see here (section 4)

  136. Leif Svalgaard (11:19:00) : Your comment is awaiting moderation
    Leif Svalgaard (10:45:40) : trying again:
    see here (section 4)

  137. vukcevic says:

    Leif Svalgaard (10:45:40) :
    see here (section 4)

    Thanks for the link: I have flittingly red most of the article, but I will do it again.
    What I was trying to do is to estimate relative the intensity of magnetic field (or whatever possible) for the current SS
    http://wso.stanford.edu/daily/current/scan.9727.gif
    or magnified:
    http://www.vukcevic.talktalk.net/SSMF.gif
    by using one from April 28, 2007 (magnified)
    http://www.vukcevic.talktalk.net/SSMF.gif
    as a reference, which I think features in the L-P chart
    http://wattsupwiththat.files.wordpress.com/2009/06/livingston-penn-chesire_fig4.png
    with the strength about 3000 Gauss.
    The idea was to have an idea of rough estimated of strength (if scale is 20, 50, 100, 200 ?, 400 ?), by comparing to a known.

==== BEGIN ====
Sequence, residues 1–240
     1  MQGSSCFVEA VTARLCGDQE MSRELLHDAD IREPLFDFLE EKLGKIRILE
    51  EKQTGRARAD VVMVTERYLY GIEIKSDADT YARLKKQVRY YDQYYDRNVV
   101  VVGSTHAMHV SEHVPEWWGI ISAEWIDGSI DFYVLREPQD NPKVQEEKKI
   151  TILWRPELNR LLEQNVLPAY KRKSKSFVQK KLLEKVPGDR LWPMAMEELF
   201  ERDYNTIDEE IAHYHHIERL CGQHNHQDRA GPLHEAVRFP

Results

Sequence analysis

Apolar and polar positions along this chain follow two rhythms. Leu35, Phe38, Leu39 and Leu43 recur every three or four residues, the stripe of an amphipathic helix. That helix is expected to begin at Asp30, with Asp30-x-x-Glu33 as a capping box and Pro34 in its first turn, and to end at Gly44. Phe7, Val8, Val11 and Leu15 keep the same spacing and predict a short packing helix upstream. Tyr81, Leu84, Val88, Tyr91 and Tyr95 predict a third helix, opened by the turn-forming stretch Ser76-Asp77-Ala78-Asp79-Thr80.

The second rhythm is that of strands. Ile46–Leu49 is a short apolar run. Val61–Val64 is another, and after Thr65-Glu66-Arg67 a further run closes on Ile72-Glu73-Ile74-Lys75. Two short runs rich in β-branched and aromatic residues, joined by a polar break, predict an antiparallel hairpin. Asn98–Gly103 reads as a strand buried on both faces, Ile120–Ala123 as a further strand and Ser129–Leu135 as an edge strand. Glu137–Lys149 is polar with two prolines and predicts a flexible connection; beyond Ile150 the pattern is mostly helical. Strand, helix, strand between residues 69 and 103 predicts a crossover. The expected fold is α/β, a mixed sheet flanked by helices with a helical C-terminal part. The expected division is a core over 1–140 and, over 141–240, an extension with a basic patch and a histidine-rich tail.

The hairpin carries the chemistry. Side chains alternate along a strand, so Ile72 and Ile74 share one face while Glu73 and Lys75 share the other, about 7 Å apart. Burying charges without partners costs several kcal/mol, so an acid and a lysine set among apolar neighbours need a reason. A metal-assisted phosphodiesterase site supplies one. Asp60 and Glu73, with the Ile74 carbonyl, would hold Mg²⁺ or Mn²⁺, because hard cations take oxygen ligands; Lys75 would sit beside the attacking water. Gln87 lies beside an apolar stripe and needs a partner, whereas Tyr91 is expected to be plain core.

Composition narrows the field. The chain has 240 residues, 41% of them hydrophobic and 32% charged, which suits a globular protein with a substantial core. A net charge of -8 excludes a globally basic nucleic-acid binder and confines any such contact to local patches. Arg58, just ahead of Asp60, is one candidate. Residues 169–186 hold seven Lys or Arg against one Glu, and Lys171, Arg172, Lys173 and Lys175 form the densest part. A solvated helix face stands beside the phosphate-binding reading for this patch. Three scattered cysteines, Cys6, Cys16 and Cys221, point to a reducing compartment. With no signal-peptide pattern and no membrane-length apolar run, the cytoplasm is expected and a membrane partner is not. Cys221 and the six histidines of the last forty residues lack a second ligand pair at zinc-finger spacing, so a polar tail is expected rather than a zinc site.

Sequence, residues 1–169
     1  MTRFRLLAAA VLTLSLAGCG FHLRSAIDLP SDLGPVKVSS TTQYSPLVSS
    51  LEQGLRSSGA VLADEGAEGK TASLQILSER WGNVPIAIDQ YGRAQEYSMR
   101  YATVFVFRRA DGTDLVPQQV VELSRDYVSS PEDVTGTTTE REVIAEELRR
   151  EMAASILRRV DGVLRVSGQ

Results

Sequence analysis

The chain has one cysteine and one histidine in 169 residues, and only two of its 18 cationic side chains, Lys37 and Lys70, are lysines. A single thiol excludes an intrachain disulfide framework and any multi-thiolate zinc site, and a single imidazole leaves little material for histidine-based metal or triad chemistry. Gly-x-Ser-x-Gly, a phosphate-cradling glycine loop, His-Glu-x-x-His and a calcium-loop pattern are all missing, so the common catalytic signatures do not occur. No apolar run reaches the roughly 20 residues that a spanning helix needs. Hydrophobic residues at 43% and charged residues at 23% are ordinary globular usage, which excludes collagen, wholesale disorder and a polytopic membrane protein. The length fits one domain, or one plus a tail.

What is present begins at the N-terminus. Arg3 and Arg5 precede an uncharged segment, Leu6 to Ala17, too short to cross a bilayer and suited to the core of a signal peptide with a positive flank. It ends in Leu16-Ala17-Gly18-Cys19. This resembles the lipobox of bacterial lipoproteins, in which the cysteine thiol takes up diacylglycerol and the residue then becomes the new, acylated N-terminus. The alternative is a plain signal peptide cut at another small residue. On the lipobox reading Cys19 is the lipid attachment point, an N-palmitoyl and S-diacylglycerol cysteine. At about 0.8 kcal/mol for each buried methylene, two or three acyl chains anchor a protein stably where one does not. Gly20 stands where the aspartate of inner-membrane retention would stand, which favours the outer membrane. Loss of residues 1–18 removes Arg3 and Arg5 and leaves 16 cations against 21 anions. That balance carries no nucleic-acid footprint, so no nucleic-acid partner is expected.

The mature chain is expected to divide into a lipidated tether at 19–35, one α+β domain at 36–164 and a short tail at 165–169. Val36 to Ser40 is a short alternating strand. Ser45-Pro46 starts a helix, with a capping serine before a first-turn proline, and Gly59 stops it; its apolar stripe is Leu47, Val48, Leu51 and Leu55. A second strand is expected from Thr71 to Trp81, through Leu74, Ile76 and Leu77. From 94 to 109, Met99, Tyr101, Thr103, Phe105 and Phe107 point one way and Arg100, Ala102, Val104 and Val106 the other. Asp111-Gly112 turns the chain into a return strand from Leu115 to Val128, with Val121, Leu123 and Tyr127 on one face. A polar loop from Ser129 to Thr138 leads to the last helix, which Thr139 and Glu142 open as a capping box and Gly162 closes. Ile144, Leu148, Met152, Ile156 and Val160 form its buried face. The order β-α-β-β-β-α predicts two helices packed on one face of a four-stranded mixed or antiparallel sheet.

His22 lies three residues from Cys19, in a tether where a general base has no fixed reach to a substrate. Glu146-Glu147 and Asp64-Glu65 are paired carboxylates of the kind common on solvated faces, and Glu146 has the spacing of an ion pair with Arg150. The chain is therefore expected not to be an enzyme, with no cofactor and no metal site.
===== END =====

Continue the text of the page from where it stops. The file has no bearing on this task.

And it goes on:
Obviously not very accurate, but better something then nothing.
    Possible ?

  138. vukcevic says:

    vukcevic (12:07:53)
    Sorry:that should be
    by using one from April 28, 2007 (magnified)
    http://www.vukcevic.talktalk.net/SSMF1.gif

  139. James F. Evans (10:42:04) :
    NASA is confirming electric current into the Earth’s atmosphere 24/7.
    This has been known for decades

    “we were amazed to see Northern and Southern Lights active non-stop,”
    Again, this has been know for decades. The scientists are amazed that they can now actually see the aurora non-stop, but it has been known for a century that they were continuous. All it takes for that is to observe in the polar winter where it is dark 24/7.

    “A good substorm can unleash a hundred thousand billion (10^14) Joules of energy, as much as a magnitude 5 earthquake.
    Dr. Svalgaard and others maintain this electrical energy is “small potatoes” and can be safely ignored.